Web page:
Armored recovery vehicles[edit]

Name Type Quantity Origin Photo Notes
BREM-1[1] Armored recovery vehicle 2  Soviet Union 2016-05-07. Репетиция парада к Дню Победы в Донецке 025.jpg Two captured from Ukrainian forces.[23][unreliable source?]
IMR-2[1] Armored recovery vehicle 2  Soviet Union RIAN archive 734015 Wildfires in Moscow Region's Lukhovitsky district.jpg Two captured from Ukrainian forces.[11][unreliable source?]
VT-72B Armored recovery vehicle 1  Czechoslovakia Milovice, vyprošťovací tank.jpg One captured from Ukrainian forces.[11][unreliable source?]
BTS-4[1] Armored recovery vehicle 1  Ukraine RKhM "Kashalot", BTR-70, BRDM-2 and BTS-4, Chernobyl 2.jpg One captured from Ukrainian forces in the Debaltseve cauldron on 21 February 2015.[30][unreliable source?]

Military Engineering Vehicles[edit]

Name Type Quantity Origin Photo Notes
BAT-M[11] Military Engineering Vehicle 1  Soviet Union Counter Obstacle Vehicle BAT-M on permanent display in the courtyard of Military-historical Museum of Artillery, Engineer and Signal Corps in Saint-Petersburg, Russia.jpg Captured near Debaltseve.
BAT-2[11] Combat Engineering Vehicle 3  Soviet Union БАТ-2 - Подготовка команд Китая, Казахстана и Белорусии к Международному конкурсу Безопасный маршрут 01.jpg Three captured from Ukrainian forces.[11][unreliable source?]

Minelayers[edit]

Name Type Quantity Origin Photo Notes
GMZ-3[4] Minelayer 1  Soviet Union Engineering Technologies - 2012 (5-41).jpg One captured from Ukrainian forces near Dzerkalne, Amvrosiivka Raion on 5 September 2014.[31][unreliable source?]

Trenchers[edit]

Name Type Quantity Origin Photo Notes
MDK-3[4] Trencher 1  Soviet Union One captured from Ukrainian forces.[4]

Logistics and utility vehicles[edit]

Name Type Quantity Origin Photo Notes
UAZ-469 Light Utility Vehicle 2+  Soviet Union 2015-05-05. Репетиция парада Победы 015.jpg Two seen north of Sloviansk.[32][unreliable source?]
Humvee High-mobility multipurpose vehicle 1+  United States Captured Humvee, Ukraine, 14,11,2014.jpg Captured in Debaltsevo after being abandoned by Ukrainian forces.[33][34][unreliable source?]
GAZ Vodnik Infantry Mobility Vehicle 1+  Russia Vodnik ky.jpg Seen in Krasnodon.[35][36][unreliable source?]
Spartan Light Armored Vehicle 1  Ukraine KRAZ Spartan 2014 IMG 7628 01.JPG One captured from the Azov Battalion.[23][unreliable source?]
BPM-97[22] / Dozor / Dozor-N / Vystrel Light Armored Vehicle 10+  Russia KAMAZ-43269 Vystrel Bronnitsy024.jpg Four seen in the late December LPR military exercises.[37][unreliable source?]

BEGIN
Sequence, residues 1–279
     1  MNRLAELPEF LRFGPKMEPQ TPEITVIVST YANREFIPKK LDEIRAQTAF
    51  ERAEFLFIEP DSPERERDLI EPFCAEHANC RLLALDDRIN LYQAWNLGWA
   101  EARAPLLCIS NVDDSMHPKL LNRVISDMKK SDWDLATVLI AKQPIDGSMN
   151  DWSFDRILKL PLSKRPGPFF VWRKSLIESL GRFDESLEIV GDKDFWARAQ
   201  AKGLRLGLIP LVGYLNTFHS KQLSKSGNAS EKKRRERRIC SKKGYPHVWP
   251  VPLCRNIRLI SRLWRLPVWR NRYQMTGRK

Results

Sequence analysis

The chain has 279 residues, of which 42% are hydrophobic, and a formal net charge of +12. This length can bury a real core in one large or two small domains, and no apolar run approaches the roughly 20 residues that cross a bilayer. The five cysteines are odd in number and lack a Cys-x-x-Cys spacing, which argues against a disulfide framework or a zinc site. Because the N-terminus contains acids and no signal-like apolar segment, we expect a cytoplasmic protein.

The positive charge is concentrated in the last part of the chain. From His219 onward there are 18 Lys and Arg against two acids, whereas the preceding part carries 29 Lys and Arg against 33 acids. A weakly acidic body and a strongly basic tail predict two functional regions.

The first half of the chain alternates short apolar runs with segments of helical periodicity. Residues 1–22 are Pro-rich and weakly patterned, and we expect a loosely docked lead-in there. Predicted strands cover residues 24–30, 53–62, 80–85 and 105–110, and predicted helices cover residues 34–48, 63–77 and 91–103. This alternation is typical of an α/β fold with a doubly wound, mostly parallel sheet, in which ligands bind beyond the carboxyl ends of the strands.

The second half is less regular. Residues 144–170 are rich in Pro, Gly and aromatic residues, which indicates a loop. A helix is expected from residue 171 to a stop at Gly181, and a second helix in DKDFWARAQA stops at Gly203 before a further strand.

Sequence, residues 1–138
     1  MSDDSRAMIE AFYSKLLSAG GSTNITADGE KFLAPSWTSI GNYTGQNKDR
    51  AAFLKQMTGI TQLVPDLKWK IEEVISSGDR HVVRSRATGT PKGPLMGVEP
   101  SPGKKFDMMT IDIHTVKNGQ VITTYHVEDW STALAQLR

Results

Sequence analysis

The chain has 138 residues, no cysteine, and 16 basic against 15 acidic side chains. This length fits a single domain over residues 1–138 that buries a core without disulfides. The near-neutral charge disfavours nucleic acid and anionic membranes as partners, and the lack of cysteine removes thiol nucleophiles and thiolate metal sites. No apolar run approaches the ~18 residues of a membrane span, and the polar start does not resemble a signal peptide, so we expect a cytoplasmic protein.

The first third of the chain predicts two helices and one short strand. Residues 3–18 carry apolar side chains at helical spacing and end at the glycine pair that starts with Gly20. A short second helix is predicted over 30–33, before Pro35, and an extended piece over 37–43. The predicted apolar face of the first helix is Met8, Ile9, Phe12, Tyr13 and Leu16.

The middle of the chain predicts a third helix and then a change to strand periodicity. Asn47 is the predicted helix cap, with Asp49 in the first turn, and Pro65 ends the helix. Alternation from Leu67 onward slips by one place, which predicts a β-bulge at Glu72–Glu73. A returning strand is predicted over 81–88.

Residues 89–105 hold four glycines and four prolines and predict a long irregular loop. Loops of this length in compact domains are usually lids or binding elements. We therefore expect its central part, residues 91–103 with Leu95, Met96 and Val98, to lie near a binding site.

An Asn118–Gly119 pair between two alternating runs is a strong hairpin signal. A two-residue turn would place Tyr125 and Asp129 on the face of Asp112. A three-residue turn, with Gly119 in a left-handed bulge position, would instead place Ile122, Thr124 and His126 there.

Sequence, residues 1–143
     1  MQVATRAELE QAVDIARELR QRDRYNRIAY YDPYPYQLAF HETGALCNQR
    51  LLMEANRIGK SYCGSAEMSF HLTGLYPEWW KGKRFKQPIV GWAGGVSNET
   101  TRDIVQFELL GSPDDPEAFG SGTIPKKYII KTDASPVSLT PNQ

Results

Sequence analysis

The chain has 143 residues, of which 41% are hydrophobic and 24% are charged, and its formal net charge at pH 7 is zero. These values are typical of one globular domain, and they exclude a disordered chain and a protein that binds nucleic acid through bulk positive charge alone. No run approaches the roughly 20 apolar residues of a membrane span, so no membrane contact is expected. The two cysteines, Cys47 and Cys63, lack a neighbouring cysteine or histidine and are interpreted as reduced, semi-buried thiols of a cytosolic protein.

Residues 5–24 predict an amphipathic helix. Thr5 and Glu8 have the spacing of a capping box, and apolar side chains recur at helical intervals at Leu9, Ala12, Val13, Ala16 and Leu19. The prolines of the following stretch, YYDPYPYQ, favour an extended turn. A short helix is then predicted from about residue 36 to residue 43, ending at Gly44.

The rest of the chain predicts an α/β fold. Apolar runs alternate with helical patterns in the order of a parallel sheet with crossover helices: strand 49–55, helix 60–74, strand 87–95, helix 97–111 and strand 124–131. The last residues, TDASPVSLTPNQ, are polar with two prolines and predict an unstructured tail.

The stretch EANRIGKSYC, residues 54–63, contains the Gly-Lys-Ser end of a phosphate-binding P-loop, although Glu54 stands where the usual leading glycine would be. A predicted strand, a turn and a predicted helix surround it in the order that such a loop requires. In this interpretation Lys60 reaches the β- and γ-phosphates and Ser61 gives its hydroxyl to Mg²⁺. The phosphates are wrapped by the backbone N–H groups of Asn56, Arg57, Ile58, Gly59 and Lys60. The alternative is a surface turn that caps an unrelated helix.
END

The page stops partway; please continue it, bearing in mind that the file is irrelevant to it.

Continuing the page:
10 vehicles seen in Krasnodon,[35][unreliable source?] several seen in Luhansk.[38][39][unreliable source?]
Ural-4320 Medium cargo truck N/A  Soviet Union 2015-05-05. Репетиция парада Победы 107.jpg
KamAZ-4310 Medium cargo truck 80+[40]  Soviet Union 2015-05-05. Репетиция парада Победы 116.jpg
KamAZ-65117 Medium cargo truck N/A  Russia 2014-05-09. День Победы в Донецке 340.jpg
PTS-2[1] Amphibious transporter 21  Soviet Union PTS-2 - RaceofHeroes-part2-35.jpg About 25 were restored from a Lugansk military warehouse.[41][unreliable source?] Four captured by Ukrainian forces.[11][unreliable source?]

Artillery[edit]

Mortars[edit]

Name Type Quantity Origin Photo Notes
82-BM-37[1] 82mm Infantry mortar N/A  Soviet Union Zagan 82 mm moździerz wz 37.jpg At least two were captured from pro-Russian rebels.[42][unreliable source?]
120-PM-43 mortar[1] 120-mm infantry mortar N/A  Soviet Union DPR PM-38.png
2S12 Sani[42] 120mm heavy mortar N/A  Soviet Union 2S12 Sani (heavy mortar system).jpg At least two were captured from pro-Russian rebels.[42][unreliable source?]
2B14 Podnos[7] 82mm Infantry mortar N/A  Soviet Union 2B14 Podnos at "Engineering Technologies 2010" forum.jpg Captured from Ukrainian forces.
2B9 Vasilek[43] 82mm automatic mortar N/A  Soviet Union 2B9 Vasilek mortar-4058.JPG 4-mortar shell cassette.
RM-38 50mm Infantry mortar 1  Soviet Union 50mm Company Mortar M1938 (RM-38).jpg Used by the LPR militia, one taken from a warehouse with World War 2 weaponry.[44]

Field artillery[edit]

Name Type Quantity Origin Photo Notes
D-20 152mm Howitzer 2  Soviet Union Howitzer D-20.jpg Two captured from Ukrainian forces.[45][unreliable source?]
D-30[1] 122mm Howitzer 35+[46][47]  Soviet Union 2015-05-05. Репетиция парада Победы 266.jpg Alleged to have crossed from Russia to Ukraine.